https://www.ontario.ca/laws/statute/90h08#BK249

Tricks Tricks:
$1:
You are comparing the Highway Traffic Act, which was written with the specific goal of public safety in mind with an arbitrary law that prudes enacted because they don't know how to have fun.

Try again.

You really think there aren't antiquated parts of the highway traffic act? And that some laws in it aren't arbitrary?


Irrelvant. I'm sure there are, but they can still be enforced. I'm all for ignoring irrational statutes, but ones that uphold the public safety are not these.


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PostPosted: Mon Mar 29, 2021 1:31 pm
 


Tricks Tricks:
Tricks Tricks:
Speed limits should NEVER be set to reflect "public attitude", they should be set based on collision history, collision severity, engineering and the types of vehicles and people using the road.

So better engineered vehicles than 50 years ago should mean a higher speed limit then right?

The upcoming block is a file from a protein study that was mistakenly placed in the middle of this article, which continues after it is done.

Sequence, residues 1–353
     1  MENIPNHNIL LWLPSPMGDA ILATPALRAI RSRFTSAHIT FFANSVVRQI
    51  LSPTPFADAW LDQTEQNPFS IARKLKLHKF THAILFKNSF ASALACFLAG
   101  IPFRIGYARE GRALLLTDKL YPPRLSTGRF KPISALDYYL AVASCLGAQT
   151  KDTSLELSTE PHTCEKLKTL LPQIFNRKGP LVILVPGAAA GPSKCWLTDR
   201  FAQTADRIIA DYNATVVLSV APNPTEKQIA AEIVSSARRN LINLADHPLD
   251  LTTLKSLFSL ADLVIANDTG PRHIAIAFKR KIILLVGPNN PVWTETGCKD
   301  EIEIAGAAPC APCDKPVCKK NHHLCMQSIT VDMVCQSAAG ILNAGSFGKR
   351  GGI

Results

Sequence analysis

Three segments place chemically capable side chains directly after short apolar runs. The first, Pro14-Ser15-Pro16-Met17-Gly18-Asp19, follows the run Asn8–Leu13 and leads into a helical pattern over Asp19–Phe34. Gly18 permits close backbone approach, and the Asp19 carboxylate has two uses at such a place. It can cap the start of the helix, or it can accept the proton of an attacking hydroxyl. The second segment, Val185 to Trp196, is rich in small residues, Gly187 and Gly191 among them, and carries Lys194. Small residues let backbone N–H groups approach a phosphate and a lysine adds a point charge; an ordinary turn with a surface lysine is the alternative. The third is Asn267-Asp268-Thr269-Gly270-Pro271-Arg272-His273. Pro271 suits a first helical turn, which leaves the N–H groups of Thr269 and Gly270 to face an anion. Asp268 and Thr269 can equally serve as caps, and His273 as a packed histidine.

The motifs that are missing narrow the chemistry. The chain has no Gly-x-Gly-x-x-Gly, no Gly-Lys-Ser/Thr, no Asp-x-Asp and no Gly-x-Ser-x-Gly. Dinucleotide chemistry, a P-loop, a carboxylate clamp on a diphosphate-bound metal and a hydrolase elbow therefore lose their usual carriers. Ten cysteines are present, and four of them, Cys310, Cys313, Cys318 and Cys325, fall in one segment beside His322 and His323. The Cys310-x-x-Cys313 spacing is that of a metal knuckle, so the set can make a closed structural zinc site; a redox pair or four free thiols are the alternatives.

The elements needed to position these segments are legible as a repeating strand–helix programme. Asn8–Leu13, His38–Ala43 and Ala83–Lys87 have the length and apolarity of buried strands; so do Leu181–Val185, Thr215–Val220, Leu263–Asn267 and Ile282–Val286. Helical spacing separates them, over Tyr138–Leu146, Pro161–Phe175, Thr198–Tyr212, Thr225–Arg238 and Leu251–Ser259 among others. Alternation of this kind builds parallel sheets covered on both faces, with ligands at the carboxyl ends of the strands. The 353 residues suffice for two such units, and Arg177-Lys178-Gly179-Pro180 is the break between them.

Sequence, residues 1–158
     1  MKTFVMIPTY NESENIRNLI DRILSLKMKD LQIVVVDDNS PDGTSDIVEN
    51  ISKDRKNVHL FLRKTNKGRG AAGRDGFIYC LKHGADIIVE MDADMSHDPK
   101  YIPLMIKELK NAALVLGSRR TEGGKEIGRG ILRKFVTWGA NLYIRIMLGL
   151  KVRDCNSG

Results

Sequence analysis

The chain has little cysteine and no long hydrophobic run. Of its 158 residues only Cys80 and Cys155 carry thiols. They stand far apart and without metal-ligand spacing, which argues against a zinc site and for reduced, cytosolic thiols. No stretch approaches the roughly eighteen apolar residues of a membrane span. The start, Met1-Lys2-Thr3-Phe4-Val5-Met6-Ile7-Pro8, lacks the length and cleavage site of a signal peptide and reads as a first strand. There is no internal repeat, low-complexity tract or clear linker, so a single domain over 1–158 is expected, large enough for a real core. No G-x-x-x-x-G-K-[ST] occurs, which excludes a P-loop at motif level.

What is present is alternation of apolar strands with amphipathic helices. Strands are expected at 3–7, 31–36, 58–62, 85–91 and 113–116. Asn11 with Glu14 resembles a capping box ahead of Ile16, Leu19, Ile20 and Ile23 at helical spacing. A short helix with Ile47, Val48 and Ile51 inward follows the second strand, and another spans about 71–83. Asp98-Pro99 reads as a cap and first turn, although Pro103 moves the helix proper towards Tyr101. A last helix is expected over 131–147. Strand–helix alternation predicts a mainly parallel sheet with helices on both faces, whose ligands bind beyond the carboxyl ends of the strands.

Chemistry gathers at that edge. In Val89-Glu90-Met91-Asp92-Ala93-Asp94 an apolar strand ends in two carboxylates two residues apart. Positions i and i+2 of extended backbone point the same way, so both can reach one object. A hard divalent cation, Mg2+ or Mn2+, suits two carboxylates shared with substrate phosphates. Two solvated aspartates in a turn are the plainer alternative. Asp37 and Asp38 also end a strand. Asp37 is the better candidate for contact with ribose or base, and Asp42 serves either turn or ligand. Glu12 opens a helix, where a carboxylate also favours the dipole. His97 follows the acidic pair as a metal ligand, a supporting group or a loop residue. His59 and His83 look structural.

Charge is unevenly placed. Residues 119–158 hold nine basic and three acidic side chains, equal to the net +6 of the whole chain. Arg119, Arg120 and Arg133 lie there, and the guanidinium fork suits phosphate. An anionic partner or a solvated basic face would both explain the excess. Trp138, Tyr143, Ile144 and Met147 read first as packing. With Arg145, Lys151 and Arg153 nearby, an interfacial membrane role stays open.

"Ye canna change the laws of physics!"

Hydrostatic shock hasn't changed.


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PostPosted: Mon Mar 29, 2021 1:38 pm
 


DrCaleb DrCaleb:
Completely ignoring many that can't. You can't arbitrarily decide that the speed limit can be higher if everyone speeds. Imagine if no one paid their taxes? ;)


Then don't increase speeds on those roads where their designed speed already matches the posted speed limit. It doesn't have to be a universal increase.

$1:
Congrats. What about the 427? Highway 1? What about the roads people use to get to the 401?
Irrelevant. See above.

$1:
Yes, ignorance of the law is perfectly valid reason to ignore it. Judges love that defence.

$1:
147. Slow vehicles to travel on right side

147 (1) Any vehicle travelling upon a roadway at less than the normal speed of traffic at that time and place shall, where practicable, be driven in the right-hand lane then available for traffic or as close as practicable to the right hand curb or edge of the roadway. R.S.O. 1990, c. H.8, s. 147 (1).

Exception

(2) Subsection (1) does not apply to a driver of a,